This unit will have a few foci: subordinate clauses, periphrastic verb formations, more vocabulary, mythology, and geography. It builds on the Hercules stories you read last year since Hercules starts off as one of the Argonauts (he leaves, however, before they meet their goal). So that you are all approaching the Latin stories you will be reading from the same place, I want you to read and make a list of the section headings on the Argonauts page on Greek Mythology Link Site. Stop where it says “List of ARGONAUTS”, since that is a very long list indeed!

Latin Prose

We started translating chapter 25 in groups today and will be translating Chapters 25 and 36 before we take our next reading comprehension quiz on Monday. Tonight go back to reading Sallust’s Bellum Catilinae, chapters LI-LV. These are LONG chapters because they are Caesar’s speech against and Cato’s speech for the killing of the conspirators. Make a “T” or two column chart comparing their speeches point by point.

Tuesday, Sept 23

Latin 3

Tonight you need to finish your group “Spring” assignment on your google doc. Don’t fret about long marks, if you can’t quickly figure them out on your computer spend that time focusing on your spelling. I was going over words this afternoon, and I wanted to note that the word “evening” in Latin only shows up in the singular. Make sure that your formation of the phrase “in the evenings” is in the singular!

Tomorrow you will have you first exam. You will be tested on your Latin word formation skills. I will be using the 40 chunks of the story as a basis for 40 word formation questions. 34 of them will be multiple choice and 6 of them will be fill in the blank. You will then be asked to do a synopsis of eo, ire, i(v)i, itum and of fero, ferre, tuli, latum. Use the Conjugation Chart to help you practice!

Our next unit concerns Jason and the Argonauts. Check the blog tomorrow for your background reading for the Unit in English!

Latin Prose

Today you had your first reading comprehension quiz. How did it go? Is there a way you could have studied that would have been more efficient? All of your reading comprehension quizzes will follow this format. Generally I will ask a question about each sentence like I did today, but I always keep it under 25 questions.

Your job tonight is to read and take notes on chapters XLI-L of Sallust’s Bellum Catilinae.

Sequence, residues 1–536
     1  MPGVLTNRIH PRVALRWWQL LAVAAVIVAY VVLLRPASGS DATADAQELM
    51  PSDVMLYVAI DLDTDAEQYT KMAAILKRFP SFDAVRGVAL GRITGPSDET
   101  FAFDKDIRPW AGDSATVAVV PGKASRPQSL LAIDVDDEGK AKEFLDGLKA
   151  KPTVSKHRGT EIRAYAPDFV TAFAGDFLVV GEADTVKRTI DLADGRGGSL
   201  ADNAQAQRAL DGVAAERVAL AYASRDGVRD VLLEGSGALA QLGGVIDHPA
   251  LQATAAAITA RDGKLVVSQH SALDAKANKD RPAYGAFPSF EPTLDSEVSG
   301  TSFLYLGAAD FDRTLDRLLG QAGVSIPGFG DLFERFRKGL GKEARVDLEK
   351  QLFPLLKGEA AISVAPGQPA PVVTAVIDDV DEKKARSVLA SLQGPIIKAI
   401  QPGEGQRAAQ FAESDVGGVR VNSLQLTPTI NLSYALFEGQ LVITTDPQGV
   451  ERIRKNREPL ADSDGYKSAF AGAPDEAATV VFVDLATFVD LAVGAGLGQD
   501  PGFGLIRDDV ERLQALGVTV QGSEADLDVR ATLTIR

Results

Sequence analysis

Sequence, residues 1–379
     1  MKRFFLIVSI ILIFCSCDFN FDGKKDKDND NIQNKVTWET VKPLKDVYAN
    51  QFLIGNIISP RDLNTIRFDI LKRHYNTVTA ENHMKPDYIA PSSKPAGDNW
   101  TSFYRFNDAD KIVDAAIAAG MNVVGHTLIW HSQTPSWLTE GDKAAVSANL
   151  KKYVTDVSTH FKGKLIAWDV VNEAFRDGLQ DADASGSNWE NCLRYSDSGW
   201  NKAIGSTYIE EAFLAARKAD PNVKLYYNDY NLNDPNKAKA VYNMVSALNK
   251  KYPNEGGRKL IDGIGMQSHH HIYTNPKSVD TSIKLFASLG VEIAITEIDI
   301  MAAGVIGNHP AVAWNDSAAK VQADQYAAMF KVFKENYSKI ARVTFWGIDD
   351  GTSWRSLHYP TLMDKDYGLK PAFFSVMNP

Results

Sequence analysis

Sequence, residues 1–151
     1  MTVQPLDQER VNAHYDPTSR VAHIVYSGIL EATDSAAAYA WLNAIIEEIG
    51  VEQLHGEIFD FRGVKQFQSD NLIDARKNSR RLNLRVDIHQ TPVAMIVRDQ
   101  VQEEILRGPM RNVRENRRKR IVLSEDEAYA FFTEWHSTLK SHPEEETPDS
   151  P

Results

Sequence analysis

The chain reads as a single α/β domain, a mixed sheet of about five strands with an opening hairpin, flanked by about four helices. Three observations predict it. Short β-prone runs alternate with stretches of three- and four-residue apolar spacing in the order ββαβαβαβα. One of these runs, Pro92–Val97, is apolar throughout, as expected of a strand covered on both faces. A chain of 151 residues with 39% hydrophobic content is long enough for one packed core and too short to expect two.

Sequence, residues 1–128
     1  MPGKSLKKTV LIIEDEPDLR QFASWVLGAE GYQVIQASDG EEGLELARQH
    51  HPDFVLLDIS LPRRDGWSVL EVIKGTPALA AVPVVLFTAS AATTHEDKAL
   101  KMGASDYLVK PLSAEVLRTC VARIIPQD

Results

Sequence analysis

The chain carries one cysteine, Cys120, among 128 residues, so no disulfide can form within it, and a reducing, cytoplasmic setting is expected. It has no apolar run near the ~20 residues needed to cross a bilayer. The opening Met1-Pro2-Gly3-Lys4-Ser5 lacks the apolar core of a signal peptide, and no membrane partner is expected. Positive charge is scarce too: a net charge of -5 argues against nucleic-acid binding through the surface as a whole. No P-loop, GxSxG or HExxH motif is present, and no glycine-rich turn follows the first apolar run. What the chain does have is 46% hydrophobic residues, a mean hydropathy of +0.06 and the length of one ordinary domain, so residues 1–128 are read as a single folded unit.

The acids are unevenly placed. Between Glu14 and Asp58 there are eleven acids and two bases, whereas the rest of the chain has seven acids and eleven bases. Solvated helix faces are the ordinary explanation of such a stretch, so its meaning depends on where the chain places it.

Monday, Sept 22

Latin 3

Tonight you are starting the google doc that is due WEDNESDAY MORNING of your group’s Latin Translation of “Spring”.

  1. Set up a google doc for group, with everyone’s names and section number, and include my school email in the set up (it’s on the syllabus!)
  2. All group members type in the sentences that were edited today with corrections!
  3. Tomorrow type in the rest of your edited sentences with corrections.
  4. I will print off your group’s translation of the story and grade it for general quality of Latin (correctness of word formation according to the identifications we established as a class and syntax). This will be entered as one of the homework grades this term.

Remember that you will have an exam of review word formation and syntax on Wednesday.

Latin Prose

Tomorrow you will have your first reading comprehension quiz on chapters 1-2 of Sallust’s Bellum Catilinae.  There will be about 15 questions in English with a list of potential answers in Latin. This is a de facto vocabulary quiz, you will not be provided with the text. It is based on your understanding of the passage and knowledge of the vocabulary.

Here is what we have covered in class so far with notes: Sallust Sept 19-Sept 22

Weekend, Sept 19-21

Today we discussed the basics of standard Latin word order (click on the link for a web version of today’s handout). Remember that this is not work you are expected to master right now, rather it is something we will be working on over the course of this school year!

Latin 3

Your Job this weekend is to use the pattern:

  • (Connector) + Direct Object + Indirect Object + Prepositional Phrase + Verb (with Subject Ending).
  • Genitive + Noun modified

To translate six of the sentences in your ten sentence section of “Spring” into Latin. On Monday you will exchange your work with your group members and you will read and edit each others sentences. Bonam Fortunam!

Latin Prose

We’ve finished most of chapter one and I divided the remainder of chapter one and chapter two amongst the groups. If you didn’t finish your sentence in your group, please do so as part of your homework. You are continuing to read the English translation of Sallust’s Bellum Catilinae and taking notes on the chapters XXXI-XL.